Humans have always shared information with each other, but the advance of digital media altered the time and geographic constraints that once shaped our historical patterns of communication. This transition ended the “Gutenberg era,” a period of human communication marked by a dependency on print, authorship, and fixity, and launched us into an era of communication marked by openness, collaboration, and easy access to information.
Despite the rapid pace at which we churn through this information, our new communication styles are also shaped, paradoxically, by permanence. Every share, post, or comment is archived, creating an online trove of information that identifies every person and their connections: where we get our news, what we look like, what sports team or social causes we support, who “likes” our church on Facebook, and, in my son’s case, our current whereabouts, our travel route, and destination points.
The internet is forever
In the world of digital ethics, the “endless memory of the internet” has recently attracted a lot of attention. How do we live in a world that increasingly does not forget?
FAMINE CRACKED the earth, causing children’s bellies to swell. Mouths opened wide, babies’ heads hung limp over their mothers’ arms. For three years no rain fell. Well water became a distant memory for the people of Israel.
David asked God why suffering was overcoming his people. God said: “There is bloodguilt on Saul and on his house, because he put the Gibeonites to death.”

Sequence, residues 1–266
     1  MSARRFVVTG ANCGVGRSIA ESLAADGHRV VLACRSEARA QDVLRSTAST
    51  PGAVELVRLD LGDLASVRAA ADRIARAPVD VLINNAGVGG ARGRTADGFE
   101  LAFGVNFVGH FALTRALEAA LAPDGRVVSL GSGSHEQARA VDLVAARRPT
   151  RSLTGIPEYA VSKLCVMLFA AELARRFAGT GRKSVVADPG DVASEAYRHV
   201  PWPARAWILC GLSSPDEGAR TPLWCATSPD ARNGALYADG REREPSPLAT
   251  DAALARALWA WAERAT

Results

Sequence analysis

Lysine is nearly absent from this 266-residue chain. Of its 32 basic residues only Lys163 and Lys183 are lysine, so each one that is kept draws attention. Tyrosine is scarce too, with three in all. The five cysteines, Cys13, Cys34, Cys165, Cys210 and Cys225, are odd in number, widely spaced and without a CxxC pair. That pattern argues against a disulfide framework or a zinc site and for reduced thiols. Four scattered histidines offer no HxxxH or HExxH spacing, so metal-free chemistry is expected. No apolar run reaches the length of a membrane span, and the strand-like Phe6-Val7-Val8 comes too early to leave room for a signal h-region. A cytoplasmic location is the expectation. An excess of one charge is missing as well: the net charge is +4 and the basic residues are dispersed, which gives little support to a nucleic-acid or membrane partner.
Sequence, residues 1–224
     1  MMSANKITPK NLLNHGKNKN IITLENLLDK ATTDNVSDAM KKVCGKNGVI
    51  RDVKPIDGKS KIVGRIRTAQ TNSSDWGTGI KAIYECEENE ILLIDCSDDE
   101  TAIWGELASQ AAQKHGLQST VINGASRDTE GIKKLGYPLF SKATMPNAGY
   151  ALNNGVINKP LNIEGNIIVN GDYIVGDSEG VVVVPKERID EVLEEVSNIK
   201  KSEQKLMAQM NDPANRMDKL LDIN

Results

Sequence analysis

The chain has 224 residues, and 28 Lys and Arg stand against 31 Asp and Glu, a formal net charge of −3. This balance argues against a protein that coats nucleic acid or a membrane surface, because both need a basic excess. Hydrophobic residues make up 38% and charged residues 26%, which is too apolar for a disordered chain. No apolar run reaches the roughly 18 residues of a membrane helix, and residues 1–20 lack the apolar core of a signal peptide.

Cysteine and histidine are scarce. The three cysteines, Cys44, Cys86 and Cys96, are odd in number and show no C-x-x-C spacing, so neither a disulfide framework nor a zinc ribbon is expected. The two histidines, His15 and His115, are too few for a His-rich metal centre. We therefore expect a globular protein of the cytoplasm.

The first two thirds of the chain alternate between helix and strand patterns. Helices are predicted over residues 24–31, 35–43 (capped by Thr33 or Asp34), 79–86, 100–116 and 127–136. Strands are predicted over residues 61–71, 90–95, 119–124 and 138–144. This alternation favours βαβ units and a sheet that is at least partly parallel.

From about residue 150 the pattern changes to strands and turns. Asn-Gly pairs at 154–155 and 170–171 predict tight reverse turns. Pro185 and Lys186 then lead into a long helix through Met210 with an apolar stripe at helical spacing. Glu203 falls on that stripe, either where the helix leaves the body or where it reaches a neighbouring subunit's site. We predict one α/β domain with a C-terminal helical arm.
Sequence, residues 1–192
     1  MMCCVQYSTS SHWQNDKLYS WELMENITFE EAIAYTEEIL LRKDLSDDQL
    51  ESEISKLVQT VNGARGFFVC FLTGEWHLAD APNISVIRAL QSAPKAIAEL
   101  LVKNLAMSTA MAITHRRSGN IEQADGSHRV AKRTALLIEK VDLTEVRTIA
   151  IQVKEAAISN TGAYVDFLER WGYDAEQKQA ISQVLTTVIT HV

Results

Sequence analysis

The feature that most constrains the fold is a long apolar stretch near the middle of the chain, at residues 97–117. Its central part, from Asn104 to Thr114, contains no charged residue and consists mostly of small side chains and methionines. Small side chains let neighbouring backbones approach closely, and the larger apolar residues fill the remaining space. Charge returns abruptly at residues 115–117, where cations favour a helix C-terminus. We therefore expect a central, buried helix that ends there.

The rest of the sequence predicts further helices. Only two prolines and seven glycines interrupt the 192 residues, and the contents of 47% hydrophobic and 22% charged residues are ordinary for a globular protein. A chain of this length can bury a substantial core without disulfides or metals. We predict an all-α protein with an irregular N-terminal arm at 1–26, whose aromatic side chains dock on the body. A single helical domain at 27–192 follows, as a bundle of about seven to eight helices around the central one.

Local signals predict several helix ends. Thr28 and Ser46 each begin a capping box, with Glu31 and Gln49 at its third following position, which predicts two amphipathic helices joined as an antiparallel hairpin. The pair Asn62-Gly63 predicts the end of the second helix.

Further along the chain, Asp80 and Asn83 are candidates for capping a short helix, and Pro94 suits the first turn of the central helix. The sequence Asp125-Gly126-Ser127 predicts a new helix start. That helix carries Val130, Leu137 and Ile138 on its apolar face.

Saul was the previous king who tried to wipe out the Gibeonites during his reign—even though Israel had sworn to spare them. What comes next in 2 Samuel 21:1-14 takes my breath away. David calls the Gibeonites to the court and speaks with them directly. He asks them: “What shall I do for you? How shall I make expiation, that you may bless the heritage of the Lord?” (verse 3).
America’s 45th president will be held responsible for the decisions made during his administration. But also the physical health of our land and people will reflect the measure to which President-elect Trump faces and corrects his own sins as well as those that past presidents have perpetrated against our citizens and our global neighbors.
David asks the Gibeonites: “What do you say that I should do for you?” Could we imagine our next president calling together a conference of African-American leaders or Native American leaders or Latinx leaders and asking them: “What do you say that we should do for you?” Can you imagine putting that level of power in the hands of the oppressed—power to set the framework for repair?